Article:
Note: If for some strange reason google has sent you here for an inspirational story about fighting cancer, you probably are going to be disappointed. I don’t plan to battle, fight or kick cancer’s ass. I’ll let the doctors and researchers do that. My goal is to get through it as best as I can, while wearing as little pink as I can, and mocking cancer and me as much as I can. I want cancer to slink away because its feelings are hurt.
I am quickly learning that Einstein was right. Time is relative. It seems years since I’ve been diagnosed with cancer, and then sometimes it seems like hours. And yes – I’m waiting for you delightful nerds to tell me this is not what Einstein meant at all. Leave me alone. I have cancer.
I finally met with my surgeon this week. It’s a bit scary to call and speak to his scheduler because they always announce it’s the high risk center. My doctor was very nice. I got a basic physical. He did a manual breast exam. He asked if his med student could do it as well. I got felt up by six different people that day, all but one of them women. I figure it makes up for that lesbian experience I was supposed to have in college. He was concerned about a lump he felt on Deirdre (that’s the left boob).
I will never look at Sharpies the same way again. Deidre and Colleen have been sharpied into preschool like works of art. I’m thinking of hiring a painter who works with Sharpies to paint a mural of the Smokie Mountains on my breasts – that way all the doctor has to do is tell someone that he’s worried about Mount LeConte, and it needs to be checked out.
When I asked my doctor about whether or not I would be able to have kids, he didn’t tell me no but mentioned how unlikely it would be. Then he spent a lot of time chatting and bragging on the beautiful children his son and daughter-in-law had adopted from four different countries. It was not a subtle message. He left the room and while I was waiting for the nurse to come and get me for another mammogram, my mom hugged me while I cried. Marcus and I have always wanted to adopt or foster to adopt one of our children, but being told that a biological child would be unlikely be in our future hit me hard. My mom stroked my hair while I cried. I asked her if she would buy me a baby like Angelina Jolie, and we both laughed and blew our noses.
For the next two to three hours, my mom and I waited in terror for the mammogram and ultrasound results for Deidre (she’s my left breast). Thankfully, it’s just fatty tissue. Deidre’s in the clear for now.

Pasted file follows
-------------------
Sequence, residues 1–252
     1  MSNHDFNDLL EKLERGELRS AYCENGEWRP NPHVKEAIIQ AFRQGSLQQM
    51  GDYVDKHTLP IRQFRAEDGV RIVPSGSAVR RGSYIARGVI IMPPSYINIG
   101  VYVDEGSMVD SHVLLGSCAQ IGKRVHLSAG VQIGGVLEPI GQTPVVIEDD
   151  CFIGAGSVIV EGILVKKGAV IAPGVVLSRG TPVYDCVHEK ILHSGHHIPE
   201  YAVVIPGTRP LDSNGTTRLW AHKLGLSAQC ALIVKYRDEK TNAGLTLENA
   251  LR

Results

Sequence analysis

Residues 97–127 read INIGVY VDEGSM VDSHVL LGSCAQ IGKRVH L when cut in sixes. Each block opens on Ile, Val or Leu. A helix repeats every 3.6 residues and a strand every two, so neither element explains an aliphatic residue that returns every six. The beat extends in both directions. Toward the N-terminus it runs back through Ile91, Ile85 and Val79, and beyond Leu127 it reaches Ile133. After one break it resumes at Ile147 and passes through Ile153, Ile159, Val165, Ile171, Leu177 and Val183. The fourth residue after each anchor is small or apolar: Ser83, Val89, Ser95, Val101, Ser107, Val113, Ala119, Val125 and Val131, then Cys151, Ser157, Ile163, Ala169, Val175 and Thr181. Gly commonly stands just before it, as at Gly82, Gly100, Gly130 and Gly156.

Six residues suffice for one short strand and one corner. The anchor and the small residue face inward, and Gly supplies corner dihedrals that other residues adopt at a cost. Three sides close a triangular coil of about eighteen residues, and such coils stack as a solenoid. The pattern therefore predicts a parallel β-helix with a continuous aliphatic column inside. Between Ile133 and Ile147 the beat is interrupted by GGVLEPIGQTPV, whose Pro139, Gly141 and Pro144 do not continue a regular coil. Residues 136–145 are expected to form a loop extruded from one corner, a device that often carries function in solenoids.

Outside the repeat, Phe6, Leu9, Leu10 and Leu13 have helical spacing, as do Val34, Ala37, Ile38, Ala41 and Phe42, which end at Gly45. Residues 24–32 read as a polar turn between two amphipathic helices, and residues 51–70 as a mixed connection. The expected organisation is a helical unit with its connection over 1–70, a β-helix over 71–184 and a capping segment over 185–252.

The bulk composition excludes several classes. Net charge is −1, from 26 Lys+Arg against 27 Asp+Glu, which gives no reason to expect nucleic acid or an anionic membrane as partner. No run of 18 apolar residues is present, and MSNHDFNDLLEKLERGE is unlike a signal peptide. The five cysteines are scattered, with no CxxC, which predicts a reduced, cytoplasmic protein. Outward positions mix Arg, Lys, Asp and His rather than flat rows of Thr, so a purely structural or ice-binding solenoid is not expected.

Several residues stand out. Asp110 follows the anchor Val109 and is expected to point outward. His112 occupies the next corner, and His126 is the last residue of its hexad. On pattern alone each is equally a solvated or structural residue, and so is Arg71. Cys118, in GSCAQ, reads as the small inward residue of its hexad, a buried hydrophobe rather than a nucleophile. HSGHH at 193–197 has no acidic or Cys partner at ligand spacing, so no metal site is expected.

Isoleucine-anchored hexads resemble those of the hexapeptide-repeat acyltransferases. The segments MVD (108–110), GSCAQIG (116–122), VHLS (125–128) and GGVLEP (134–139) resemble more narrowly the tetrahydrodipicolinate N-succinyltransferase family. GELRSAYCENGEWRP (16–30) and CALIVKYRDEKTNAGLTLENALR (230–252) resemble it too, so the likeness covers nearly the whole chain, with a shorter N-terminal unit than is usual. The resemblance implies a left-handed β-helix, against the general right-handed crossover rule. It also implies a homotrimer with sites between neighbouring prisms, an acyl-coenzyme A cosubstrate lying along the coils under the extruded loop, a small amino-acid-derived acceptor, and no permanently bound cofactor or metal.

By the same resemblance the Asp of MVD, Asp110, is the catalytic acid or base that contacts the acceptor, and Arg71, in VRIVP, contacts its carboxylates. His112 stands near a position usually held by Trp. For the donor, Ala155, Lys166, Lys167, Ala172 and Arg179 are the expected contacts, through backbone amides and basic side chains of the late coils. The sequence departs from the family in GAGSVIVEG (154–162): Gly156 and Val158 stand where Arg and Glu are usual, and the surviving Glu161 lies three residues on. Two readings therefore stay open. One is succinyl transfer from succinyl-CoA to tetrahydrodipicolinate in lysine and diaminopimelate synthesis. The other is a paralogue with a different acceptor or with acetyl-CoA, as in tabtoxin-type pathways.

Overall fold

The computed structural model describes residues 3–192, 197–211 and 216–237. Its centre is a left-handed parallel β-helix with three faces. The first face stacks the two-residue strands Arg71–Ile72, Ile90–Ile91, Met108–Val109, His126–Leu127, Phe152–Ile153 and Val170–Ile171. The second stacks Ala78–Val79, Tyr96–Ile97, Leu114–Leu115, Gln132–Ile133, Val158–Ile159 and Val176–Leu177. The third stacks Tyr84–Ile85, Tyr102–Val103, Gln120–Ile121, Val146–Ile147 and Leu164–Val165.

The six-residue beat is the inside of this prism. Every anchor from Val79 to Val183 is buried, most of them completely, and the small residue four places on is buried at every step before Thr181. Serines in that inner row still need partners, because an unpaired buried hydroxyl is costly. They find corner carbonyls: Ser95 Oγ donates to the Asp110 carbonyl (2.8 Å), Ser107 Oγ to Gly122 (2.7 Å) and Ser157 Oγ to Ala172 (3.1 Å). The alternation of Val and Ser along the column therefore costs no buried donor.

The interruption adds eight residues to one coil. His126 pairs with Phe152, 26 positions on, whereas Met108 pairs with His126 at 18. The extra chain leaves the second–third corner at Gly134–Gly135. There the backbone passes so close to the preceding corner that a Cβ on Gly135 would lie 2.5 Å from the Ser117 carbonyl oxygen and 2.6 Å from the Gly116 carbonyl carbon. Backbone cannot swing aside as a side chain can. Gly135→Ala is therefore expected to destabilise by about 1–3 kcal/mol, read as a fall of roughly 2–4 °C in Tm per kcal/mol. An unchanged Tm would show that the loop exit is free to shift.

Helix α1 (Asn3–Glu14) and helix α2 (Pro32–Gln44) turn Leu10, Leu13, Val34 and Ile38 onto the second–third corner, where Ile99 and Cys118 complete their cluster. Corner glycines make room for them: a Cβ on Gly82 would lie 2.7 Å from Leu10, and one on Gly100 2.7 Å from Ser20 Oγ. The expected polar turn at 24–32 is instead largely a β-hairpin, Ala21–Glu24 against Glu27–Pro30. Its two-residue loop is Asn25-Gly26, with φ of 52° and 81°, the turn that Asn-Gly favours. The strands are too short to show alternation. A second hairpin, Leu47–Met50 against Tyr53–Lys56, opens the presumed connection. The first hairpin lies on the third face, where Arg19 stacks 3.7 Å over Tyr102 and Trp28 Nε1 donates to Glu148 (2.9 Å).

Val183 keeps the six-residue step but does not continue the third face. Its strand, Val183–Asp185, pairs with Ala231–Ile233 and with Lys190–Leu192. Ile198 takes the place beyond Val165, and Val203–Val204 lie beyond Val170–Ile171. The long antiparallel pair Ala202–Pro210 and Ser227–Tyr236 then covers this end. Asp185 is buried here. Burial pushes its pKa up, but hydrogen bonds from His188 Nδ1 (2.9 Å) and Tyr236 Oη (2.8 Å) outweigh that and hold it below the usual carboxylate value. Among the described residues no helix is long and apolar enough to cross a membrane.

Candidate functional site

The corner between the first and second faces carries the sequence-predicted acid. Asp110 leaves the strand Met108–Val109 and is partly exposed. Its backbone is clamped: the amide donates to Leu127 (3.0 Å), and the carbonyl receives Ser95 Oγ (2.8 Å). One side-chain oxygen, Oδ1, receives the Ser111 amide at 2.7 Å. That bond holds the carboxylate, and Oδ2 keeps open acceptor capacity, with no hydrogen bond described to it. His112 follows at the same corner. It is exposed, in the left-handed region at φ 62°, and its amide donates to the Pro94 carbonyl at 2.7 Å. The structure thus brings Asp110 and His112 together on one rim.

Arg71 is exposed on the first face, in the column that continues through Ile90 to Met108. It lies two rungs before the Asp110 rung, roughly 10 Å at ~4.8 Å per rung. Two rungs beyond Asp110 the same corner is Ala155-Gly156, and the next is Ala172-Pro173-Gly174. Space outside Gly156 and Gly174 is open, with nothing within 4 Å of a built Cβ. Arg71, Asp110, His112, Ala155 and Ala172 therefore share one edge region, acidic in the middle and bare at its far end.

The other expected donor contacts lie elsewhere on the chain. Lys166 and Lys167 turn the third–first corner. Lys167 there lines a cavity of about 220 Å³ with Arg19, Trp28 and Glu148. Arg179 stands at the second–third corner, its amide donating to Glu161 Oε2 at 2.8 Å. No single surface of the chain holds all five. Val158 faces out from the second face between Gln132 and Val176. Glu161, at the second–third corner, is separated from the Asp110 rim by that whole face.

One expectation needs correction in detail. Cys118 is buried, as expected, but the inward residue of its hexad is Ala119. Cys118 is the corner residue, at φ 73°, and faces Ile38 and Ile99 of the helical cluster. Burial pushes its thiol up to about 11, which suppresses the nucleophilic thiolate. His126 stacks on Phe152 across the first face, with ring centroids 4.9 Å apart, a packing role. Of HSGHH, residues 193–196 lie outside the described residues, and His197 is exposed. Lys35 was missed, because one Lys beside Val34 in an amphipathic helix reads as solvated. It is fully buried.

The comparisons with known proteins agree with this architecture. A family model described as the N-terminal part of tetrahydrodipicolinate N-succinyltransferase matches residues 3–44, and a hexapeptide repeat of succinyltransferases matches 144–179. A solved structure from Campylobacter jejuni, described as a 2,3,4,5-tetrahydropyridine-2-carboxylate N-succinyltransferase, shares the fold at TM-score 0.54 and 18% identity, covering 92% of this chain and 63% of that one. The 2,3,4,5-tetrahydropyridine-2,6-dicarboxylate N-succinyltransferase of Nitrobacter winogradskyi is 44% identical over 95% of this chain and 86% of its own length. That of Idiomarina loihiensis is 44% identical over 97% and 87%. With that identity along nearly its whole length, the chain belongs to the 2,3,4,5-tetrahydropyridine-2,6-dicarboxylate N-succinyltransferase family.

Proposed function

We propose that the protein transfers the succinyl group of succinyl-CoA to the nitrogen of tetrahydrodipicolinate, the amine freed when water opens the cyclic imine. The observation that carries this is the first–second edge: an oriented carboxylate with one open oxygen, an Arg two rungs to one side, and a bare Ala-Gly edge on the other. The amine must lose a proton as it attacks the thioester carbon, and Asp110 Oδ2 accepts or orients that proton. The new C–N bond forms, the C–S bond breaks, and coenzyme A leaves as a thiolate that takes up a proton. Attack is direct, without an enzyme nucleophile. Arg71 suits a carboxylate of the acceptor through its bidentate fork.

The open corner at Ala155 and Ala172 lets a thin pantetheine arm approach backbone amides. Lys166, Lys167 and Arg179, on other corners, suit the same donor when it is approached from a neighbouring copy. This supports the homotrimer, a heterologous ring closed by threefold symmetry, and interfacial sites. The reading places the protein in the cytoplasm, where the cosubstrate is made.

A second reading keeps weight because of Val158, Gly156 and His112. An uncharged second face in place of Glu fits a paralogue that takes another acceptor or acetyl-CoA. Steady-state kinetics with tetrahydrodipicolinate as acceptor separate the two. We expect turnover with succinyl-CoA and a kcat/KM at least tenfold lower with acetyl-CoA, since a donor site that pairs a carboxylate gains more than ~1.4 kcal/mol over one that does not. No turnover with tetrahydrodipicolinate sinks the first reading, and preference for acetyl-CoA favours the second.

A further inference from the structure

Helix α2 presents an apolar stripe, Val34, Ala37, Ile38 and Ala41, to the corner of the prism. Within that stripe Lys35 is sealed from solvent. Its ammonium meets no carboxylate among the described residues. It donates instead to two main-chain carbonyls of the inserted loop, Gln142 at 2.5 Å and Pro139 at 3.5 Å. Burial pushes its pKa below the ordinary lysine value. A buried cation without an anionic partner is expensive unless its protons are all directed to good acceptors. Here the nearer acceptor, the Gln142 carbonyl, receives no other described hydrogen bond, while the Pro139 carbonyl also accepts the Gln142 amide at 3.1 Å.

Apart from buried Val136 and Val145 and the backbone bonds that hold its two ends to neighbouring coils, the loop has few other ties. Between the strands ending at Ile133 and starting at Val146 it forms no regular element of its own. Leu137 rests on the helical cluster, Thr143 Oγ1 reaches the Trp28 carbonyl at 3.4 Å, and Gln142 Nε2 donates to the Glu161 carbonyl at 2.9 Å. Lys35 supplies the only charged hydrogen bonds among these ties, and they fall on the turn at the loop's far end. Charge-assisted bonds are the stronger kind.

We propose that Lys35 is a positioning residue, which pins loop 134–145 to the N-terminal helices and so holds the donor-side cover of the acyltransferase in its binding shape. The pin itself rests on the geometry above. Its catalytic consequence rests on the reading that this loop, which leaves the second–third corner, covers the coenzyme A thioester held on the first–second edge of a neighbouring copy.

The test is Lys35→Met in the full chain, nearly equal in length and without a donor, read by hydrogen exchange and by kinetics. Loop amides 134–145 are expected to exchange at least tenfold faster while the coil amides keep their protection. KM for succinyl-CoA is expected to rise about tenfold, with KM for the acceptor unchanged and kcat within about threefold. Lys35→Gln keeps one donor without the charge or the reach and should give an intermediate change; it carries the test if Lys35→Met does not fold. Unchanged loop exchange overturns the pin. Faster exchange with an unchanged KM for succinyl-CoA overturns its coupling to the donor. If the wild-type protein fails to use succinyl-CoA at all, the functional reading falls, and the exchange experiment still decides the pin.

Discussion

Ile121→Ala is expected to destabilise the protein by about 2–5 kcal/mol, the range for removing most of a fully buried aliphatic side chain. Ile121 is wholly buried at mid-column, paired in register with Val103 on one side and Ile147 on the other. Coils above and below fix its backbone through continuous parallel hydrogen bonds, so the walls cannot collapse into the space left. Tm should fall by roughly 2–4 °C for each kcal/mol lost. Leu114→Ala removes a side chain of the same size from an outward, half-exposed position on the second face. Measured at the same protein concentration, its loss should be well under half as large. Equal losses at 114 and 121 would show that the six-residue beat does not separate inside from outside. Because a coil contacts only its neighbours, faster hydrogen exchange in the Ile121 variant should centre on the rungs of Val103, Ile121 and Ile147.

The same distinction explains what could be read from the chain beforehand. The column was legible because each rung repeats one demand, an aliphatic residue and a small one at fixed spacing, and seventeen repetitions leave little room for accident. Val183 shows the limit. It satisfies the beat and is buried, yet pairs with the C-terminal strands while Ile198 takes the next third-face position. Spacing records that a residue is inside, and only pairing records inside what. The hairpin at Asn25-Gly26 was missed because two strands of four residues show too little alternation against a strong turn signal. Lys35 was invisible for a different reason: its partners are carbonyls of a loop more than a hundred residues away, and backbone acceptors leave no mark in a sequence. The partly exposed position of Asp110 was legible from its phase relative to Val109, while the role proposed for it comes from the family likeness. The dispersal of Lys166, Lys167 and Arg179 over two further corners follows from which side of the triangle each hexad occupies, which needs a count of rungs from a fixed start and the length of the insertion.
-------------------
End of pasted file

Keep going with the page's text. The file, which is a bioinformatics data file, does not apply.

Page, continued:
While I was waiting for the ultrasound results, I got the news that I was finally in the system for TNCare. Hooray! It’s still going to be a complete hot mess of administrative hell to get them to cover me, but at least they’re pretending they are for now. They had time for an MRI, and I had anxiety meds in purse. You can tell I was a Girl Scout because I’m always prepared! Note: potential muggers in our neighborhood, I actually don’t carry pain or anxiety meds with me on a continual basis.
My mom and I went out to lunch at Tea at the Gallery. The food is wonderful, it’s a calming place to sit and the owners and people who work there are lovely. I stuffed myself with carbs and asked for a pot of the most calming tea they had. Right before I left, I downed enough anxiety meds to down a horse with that delicious tea.
While waiting for the MRI, I began to have a panic attack about the impending IV stick. This always makes me feel so cool. I was given more Xanax and entertained the nurses by how coherent I was, the fact that I could pass a police DUI test while ingesting high levels of anxiety meds (totally could touch my nose with my eyes closed) and how Hugh, the Manatee, would be hanging out in the control room of the MRI. More on Hugh later. My mom pretended not to know me, a skill she’s grown very adept at over the years.
My frenemy, shitfoodblogger, has been toiling over his latest cookbook. I’ve enjoyed taunting him by telling him how much the traffic to my blog has gone up since I’ve gotten cancer. He’s currently trying to get cancer, but he’s so far behind that my cookbook ‘Baking with Boobs’ will get much more attention. Because I like to rub salt in the wound, I told him I would be live tweeting my MRI. That was until my husband reminded me that MRIs involved magnets, so my iPhone would get wiped out.
Thinking quickly, I had my husband fake live tweet it. I think he did a pretty good job: